GSA Annual Meeting in Phoenix, Arizona, USA - 2019

Paper No. 56-2
Presentation Time: 1:50 PM


FORSHAW, Jacob B., Department of Geoscience, University of Calgary, 2500 University Drive NW, Calgary, AB T2N 1N4, Canada and PATTISON, David R.M., Department of Geoscience, University of Calgary, Dept Geoscience, 2500 University Dr NW, Calgary, AB T2N 1N4, Canada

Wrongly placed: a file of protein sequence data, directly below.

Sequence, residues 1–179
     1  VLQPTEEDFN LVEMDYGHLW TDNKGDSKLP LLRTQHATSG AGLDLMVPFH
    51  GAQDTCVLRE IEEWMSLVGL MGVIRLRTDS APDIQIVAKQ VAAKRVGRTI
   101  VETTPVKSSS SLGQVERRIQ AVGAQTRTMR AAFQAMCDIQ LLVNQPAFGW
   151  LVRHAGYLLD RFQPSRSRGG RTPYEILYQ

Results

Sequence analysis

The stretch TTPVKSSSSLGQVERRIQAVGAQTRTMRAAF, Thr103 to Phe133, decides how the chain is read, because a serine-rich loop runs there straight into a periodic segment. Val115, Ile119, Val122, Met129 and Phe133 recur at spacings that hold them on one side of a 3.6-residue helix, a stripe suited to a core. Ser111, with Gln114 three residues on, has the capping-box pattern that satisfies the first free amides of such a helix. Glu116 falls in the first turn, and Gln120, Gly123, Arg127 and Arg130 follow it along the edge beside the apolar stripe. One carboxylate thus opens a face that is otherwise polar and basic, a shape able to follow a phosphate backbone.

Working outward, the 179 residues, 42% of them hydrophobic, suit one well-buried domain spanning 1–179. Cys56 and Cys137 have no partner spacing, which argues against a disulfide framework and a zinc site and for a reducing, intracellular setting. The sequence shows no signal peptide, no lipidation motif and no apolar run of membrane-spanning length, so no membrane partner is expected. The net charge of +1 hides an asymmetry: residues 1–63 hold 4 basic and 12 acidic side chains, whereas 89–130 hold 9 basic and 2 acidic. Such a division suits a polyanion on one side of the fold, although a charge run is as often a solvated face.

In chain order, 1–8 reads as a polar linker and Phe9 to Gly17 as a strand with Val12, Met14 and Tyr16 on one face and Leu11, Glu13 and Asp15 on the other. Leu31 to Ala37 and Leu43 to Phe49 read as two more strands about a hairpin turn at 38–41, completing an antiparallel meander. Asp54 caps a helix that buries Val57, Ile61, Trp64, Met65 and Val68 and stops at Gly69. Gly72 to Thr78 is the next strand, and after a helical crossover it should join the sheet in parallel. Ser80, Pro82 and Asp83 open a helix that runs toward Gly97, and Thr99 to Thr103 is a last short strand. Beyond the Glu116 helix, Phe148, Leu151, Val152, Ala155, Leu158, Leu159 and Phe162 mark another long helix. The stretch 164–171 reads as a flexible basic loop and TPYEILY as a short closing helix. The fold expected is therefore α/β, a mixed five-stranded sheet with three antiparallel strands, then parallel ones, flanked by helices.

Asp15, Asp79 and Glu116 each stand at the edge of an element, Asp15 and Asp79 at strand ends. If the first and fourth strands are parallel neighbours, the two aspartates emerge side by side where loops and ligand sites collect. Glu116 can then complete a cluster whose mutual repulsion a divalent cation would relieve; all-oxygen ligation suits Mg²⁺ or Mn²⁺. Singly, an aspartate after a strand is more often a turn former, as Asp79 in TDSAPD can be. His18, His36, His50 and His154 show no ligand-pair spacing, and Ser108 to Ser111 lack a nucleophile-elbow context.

For over a century, metamorphic petrologists have interpreted mineral assemblages as products of an equilibrium process, in which rocks only negligibly depart from their stable state as they are buried and heated. However, this does not consider that the constituent mechanisms of recrystallization - nucleation, dissolution/growth and transport - each have energetic barriers that need to be overcome before recrystallisation can occur. For a reaction to proceed, these obstacles must be surmounted by building up sufficient energetic driving force, sometimes termed reaction affinity, that results from the overstepping in pressure or temperature of the equilibrium conditions of the reaction. Studies in contact metamorphic settings have confirmed predictions of overstepping on mineral recrystallisation. In this study, we analyse two prograde regional metamorphic sequences – a regional Buchan-type sequence in the Harpswell Neck area, SW Maine and a regional Barrovian sequence in the Whetstone Lake area, SE Ontario - in an effort to determine whether the aforementioned kinetic impediments to recrystallisation are as important in regional settings. Detailed petrographic, textural and chemical analysis has allowed determination of the sequence, spacing and nature of metamorphic reactions in each setting. In particular, the role of staurolite is assessed at three stages across these prograde sequences: (1) does staurolite develop by reactions predicted by equilibrium? (2) to what degree is staurolite involved in the development of kyanite or andalusite?, and (3) why does staurolite persist to much higher grades than predicted? Comparison of the natural observations with the predictions of phase equilibrium modelling reveals discrepancies that can be attributed to reaction kinetics, which carries implications for the assessment pressure-temperature-time paths of metamorphic rocks. Ways in which these issues can be accounted for in future modelling are explored.